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Written by Matt Kirk Published: May 6 2020 Investments
Have you ever wondered why approximately one quarter of SMSF assets are invested in Australian bank deposits (i.e. deposits).
SMSF trustees might be holding deposits for the trust’s liquidity needs or as defensive assets for managing risk in uncertain times.
Such an approach is rational; however, SMSF trustees also have an obligation to attend to performance (1). For deposit allocations, does it mean investing in offers with the highest interest rate? The effective risks are similar after all.
Diagram 1.0 Portfolio Management Basics (2)
Diagram 1.0 above prompts the reader to consider why they allocate funds in the way they do. Consider the purpose of the allocation? Portions will be required for budgeted expenses while some will be at call just in case instant liquidity is needed to cover unexpected expenditure (3). The remainder should be made to work as hard as possible (4).
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Diagram 2.0 below shows the trade-offs SMSF trustees make when investing. Any two of the attributes can be present in an investment at any one time (5).
Shares offer liquidity and performance, but episodes like the Global Financial Crisis (GFC) demonstrate that liquidity can come at a heavy price. Most of us will recall the devastating impact on the lives of those who retired at the time.
Do you remember the mortgage and property managed investment schemes (MIS) that offered performance and capital stability until funds were frozen (i.e. redemption requests were suspended) in the wake of the GFC? Many sustained large capital losses when redemptions (i.e. liquidity) finally resumed (6).
Many hedge funds offered performance and capital stability until the GFC came along. Promises of performance come at a price (7). We all want performance, liquidity, and capital stability, but would a commercial entity ever offer all three? That’s why many SMSF’s have a prudent allocation to cash. Sound investing depends on sensible trade-offs.
Rest assured, deposit returns reflect lower risk (8), increased safety (9), and reliable liquidity. Here we define liquidity as the certainty your funds will be returned on a pre-agreed date. Much of investing is about picking the attributes that are most important. Australian bank term and at-call deposits offer reliable liquidity.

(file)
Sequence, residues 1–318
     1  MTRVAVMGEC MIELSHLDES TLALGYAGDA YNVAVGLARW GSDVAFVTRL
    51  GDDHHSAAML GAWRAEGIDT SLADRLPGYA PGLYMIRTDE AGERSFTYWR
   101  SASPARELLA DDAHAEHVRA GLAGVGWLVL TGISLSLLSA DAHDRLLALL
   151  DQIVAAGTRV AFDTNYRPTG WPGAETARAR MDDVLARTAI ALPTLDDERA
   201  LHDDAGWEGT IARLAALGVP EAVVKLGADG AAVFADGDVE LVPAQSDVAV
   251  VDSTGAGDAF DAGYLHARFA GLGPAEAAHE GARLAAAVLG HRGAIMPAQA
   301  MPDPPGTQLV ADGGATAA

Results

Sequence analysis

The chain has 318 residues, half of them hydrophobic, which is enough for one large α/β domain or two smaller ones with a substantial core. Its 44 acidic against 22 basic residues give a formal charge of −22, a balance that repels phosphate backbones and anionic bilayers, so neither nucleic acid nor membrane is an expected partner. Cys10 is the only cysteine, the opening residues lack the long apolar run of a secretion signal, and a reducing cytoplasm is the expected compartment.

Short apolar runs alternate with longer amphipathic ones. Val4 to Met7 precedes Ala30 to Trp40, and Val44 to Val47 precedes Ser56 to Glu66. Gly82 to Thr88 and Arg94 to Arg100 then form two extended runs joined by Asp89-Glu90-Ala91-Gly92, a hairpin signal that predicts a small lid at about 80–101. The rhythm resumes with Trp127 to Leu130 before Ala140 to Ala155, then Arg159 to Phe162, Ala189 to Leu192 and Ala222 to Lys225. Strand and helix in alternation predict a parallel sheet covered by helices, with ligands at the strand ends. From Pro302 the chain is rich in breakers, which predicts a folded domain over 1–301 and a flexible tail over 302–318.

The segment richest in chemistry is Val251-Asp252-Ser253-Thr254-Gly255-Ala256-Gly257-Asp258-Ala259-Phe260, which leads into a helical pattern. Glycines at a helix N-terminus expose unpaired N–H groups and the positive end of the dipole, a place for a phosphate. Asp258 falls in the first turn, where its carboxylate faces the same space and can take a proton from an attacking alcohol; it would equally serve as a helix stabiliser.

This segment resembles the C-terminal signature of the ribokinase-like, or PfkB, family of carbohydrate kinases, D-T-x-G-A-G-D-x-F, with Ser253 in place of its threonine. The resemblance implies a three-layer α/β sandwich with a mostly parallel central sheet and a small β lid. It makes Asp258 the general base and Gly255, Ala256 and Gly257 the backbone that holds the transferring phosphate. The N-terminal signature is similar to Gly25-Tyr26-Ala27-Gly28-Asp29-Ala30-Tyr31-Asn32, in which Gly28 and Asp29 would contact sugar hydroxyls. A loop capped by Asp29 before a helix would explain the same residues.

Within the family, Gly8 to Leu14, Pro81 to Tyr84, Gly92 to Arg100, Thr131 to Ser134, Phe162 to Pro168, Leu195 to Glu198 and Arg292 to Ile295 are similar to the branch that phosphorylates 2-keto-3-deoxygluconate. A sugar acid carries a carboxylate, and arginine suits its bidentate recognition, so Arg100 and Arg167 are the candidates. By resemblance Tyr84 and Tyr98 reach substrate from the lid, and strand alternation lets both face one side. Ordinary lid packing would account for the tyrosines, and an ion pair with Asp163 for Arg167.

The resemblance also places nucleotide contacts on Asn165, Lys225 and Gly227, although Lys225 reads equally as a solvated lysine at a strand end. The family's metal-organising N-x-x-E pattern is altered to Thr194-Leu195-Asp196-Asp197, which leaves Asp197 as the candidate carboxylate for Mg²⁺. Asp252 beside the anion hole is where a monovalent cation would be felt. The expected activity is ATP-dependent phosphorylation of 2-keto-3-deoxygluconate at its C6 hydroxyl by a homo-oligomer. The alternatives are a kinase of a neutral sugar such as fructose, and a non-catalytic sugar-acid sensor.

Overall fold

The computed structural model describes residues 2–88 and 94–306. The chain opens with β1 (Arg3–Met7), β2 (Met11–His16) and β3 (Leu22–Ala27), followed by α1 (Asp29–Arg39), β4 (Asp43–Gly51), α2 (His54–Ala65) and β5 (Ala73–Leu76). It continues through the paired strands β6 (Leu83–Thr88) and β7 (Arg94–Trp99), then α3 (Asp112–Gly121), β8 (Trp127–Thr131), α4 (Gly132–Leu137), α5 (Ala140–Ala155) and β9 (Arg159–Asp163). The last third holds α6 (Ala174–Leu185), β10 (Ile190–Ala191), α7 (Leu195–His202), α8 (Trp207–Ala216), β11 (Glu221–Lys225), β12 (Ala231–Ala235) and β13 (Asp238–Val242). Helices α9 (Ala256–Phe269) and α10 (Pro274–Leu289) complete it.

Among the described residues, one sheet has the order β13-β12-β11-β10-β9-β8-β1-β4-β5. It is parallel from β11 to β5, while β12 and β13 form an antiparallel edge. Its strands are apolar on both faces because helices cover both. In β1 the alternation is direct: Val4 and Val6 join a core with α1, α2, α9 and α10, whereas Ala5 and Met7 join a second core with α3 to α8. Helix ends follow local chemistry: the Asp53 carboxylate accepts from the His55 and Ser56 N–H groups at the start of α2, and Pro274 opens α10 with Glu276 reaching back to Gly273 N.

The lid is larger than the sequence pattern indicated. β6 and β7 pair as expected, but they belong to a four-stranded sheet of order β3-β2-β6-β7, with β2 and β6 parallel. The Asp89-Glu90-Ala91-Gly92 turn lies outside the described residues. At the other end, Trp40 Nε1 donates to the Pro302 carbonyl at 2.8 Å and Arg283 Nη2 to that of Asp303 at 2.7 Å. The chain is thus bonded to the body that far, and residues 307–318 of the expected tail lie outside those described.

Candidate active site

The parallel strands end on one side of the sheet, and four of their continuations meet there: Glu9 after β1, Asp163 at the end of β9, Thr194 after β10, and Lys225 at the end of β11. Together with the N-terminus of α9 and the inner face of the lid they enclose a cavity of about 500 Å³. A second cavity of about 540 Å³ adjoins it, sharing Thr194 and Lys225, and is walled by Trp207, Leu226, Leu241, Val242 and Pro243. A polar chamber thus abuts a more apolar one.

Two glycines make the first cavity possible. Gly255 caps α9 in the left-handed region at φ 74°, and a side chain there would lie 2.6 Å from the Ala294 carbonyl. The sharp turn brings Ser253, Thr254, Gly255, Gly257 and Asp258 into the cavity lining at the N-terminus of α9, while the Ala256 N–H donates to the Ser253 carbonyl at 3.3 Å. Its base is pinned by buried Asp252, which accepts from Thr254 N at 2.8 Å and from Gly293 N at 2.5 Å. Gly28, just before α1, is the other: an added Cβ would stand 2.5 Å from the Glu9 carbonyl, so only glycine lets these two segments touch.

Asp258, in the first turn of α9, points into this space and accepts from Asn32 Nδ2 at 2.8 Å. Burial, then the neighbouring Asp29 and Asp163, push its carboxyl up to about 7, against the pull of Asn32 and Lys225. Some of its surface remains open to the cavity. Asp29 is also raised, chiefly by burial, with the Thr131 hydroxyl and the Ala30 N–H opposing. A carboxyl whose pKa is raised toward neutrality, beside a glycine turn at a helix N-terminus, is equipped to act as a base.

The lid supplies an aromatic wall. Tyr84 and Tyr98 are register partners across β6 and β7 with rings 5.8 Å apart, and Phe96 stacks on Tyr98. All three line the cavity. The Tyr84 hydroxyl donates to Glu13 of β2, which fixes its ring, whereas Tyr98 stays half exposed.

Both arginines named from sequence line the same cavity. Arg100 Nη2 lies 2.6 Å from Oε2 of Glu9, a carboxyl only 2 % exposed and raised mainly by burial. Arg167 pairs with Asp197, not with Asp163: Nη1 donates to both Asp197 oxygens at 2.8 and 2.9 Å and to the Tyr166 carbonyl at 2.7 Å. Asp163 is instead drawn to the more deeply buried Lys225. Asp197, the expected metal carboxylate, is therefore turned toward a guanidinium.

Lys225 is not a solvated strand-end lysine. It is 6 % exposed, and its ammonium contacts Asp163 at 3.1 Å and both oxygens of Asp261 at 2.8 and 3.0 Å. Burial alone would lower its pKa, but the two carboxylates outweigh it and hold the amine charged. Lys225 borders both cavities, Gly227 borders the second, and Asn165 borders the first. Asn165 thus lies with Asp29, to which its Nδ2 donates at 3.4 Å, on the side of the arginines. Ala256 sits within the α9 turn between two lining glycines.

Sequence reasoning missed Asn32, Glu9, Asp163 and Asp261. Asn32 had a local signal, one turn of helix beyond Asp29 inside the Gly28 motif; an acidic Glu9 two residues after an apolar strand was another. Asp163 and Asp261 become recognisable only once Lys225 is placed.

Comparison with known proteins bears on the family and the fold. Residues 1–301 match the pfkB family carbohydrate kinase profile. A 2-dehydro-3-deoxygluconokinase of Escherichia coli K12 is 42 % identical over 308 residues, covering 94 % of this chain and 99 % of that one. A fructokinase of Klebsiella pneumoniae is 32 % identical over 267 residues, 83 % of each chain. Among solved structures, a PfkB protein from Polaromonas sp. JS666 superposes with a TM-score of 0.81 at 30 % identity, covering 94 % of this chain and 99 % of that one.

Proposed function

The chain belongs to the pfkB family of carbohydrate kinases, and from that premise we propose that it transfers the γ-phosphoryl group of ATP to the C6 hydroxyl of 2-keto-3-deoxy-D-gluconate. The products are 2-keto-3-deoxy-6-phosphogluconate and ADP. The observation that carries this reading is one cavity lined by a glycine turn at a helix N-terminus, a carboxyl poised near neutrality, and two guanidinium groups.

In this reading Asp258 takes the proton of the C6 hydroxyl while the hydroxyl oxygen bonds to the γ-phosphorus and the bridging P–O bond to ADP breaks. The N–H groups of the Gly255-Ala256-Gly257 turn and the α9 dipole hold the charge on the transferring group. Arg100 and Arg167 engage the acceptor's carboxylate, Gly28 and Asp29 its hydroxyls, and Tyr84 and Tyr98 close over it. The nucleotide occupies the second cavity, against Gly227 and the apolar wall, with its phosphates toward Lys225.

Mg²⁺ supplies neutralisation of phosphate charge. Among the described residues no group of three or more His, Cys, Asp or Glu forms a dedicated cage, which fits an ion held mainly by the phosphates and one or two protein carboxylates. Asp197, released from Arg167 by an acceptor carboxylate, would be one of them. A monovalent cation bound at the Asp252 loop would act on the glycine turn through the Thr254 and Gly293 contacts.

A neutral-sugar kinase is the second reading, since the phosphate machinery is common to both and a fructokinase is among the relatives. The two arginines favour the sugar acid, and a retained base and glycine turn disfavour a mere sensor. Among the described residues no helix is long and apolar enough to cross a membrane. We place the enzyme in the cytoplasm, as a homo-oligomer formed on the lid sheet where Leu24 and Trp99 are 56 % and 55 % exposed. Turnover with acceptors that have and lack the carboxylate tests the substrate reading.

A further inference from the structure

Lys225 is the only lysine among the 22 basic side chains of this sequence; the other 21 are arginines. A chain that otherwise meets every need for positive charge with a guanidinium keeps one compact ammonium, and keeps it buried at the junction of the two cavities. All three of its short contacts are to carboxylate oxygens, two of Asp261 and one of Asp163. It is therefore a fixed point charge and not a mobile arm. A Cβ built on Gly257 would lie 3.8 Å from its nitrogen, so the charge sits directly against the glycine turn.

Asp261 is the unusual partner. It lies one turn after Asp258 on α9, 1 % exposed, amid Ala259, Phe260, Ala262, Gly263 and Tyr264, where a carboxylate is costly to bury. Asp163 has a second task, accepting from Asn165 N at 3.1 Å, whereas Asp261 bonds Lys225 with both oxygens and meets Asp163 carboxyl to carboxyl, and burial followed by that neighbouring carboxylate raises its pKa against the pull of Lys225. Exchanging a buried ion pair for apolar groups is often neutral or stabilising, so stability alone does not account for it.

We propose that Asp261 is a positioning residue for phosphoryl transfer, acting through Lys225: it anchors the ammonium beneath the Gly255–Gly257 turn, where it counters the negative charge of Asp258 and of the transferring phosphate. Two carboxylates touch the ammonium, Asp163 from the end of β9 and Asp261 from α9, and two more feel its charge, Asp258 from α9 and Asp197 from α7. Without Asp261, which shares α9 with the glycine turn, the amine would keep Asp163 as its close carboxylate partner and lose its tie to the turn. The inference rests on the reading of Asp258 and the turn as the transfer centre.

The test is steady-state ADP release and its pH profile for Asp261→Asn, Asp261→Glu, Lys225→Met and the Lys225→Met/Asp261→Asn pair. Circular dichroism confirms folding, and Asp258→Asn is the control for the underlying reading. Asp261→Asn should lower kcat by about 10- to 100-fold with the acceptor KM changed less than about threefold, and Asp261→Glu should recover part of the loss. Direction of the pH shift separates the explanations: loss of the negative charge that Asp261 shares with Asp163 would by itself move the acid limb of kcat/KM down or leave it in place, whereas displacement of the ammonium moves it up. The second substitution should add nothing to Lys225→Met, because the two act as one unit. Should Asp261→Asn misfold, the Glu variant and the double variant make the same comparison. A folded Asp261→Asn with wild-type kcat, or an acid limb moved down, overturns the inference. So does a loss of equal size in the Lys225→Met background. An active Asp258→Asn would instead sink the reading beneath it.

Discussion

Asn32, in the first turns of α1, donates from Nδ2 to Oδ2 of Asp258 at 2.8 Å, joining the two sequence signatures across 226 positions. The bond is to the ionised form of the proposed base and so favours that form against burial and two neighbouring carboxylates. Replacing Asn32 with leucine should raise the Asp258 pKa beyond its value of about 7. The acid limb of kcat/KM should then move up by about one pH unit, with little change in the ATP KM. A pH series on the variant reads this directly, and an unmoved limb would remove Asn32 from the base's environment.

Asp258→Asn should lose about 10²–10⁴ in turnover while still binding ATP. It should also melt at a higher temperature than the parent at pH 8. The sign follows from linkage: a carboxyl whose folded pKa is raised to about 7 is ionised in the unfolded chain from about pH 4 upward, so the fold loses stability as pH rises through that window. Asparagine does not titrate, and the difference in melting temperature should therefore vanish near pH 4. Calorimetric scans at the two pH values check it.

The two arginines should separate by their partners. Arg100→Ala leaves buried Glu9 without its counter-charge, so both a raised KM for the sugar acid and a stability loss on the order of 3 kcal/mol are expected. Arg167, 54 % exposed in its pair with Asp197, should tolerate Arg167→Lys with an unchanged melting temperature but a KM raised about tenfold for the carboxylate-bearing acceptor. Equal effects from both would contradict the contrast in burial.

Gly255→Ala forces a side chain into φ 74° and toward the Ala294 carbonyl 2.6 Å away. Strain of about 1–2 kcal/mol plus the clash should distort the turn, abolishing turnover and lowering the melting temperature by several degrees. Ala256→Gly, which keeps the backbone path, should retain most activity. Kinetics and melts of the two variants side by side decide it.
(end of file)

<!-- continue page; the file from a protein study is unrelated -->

An SMSF trustee can be certain of receiving the full principal on a pre agreed date. Investing in the highest return is rational given deposit risks are similar.
Put excess SMSF liquidity to work
SMSF trustees take note – the variation in deposit rates matters.
Responsible SMSF trustees should seek the highest return possible for funds allocated to cash and term deposits if they believe bank deposit risks are similar.
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1. Superannuation Industry (Supervision) Act 1993 – Section 52 (6), (7), & (8).
2. The proportions are for demonstrating the concept only.
3. Superannuation Industry (Supervision) Act 1993 – Section 52 (2) (i) & (6) (iii).
4. Superannuation Industry (Supervision) Act 1993 – Section 52 (6), (7), & (8).
5. This diagram is for demonstration purposes only – the definitions of performance liquidity and stability can very on the writer and subtle differences can be meaningful or material in their application.
8.Risk can be defined as the possibility of an undesirable outcome such as earning less than expected, losing capital, or not having access to capital when it is due.
9.Insurance protection or additional collateral for example.